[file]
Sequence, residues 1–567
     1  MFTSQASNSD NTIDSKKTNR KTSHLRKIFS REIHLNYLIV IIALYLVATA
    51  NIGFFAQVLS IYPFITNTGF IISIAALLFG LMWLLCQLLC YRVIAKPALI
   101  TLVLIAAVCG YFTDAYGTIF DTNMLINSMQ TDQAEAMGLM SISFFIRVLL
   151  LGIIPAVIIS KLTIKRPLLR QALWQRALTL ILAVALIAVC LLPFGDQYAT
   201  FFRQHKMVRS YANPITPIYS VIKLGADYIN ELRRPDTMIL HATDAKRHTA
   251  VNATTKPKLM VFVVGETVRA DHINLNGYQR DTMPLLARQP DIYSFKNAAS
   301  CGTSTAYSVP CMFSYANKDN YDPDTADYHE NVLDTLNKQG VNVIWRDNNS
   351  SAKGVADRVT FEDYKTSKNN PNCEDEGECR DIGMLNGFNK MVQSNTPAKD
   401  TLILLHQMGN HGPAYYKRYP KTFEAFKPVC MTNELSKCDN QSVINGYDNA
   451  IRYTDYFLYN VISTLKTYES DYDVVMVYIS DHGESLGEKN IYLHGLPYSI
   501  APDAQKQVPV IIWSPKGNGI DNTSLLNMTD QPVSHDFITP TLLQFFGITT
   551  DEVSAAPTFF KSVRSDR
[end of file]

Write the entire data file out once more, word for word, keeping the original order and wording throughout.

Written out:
Sequence, residues 1–567
     1  MFTSQASNSD NTIDSKKTNR KTSHLRKIFS REIHLNYLIV IIALYLVATA
    51  NIGFFAQVLS IYPFITNTGF IISIAALLFG LMWLLCQLLC YRVIAKPALI
   101  TLVLIAAVCG YFTDAYGTIF DTNMLINSMQ TDQAEAMGLM SISFFIRVLL
   151  LGIIPAVIIS KLTIKRPLLR QALWQRALTL ILAVALIAVC LLPFGDQYAT
   201  FFRQHKMVRS YANPITPIYS VIKLGADYIN ELRRPDTMIL HATDAKRHTA
   251  VNATTKPKLM VFVVGETVRA DHINLNGYQR DTMPLLARQP DIYSFKNAAS
   301  CGTSTAYSVP CMFSYANKDN YDPDTADYHE NVLDTLNKQG VNVIWRDNNS
   351  SAKGVADRVT FEDYKTSKNN PNCEDEGECR DIGMLNGFNK MVQSNTPAKD
   401  TLILLHQMGN HGPAYYKRYP KTFEAFKPVC MTNELSKCDN QSVINGYDNA
   451  IRYTDYFLYN VISTLKTYES DYDVVMVYIS DHGESLGEKN IYLHGLPYSI
   501  APDAQKQVPV IIWSPKGNGI DNTSLLNMTD QPVSHDFITP TLLQFFGITT
   551  DEVSAAPTFF KSVRSDR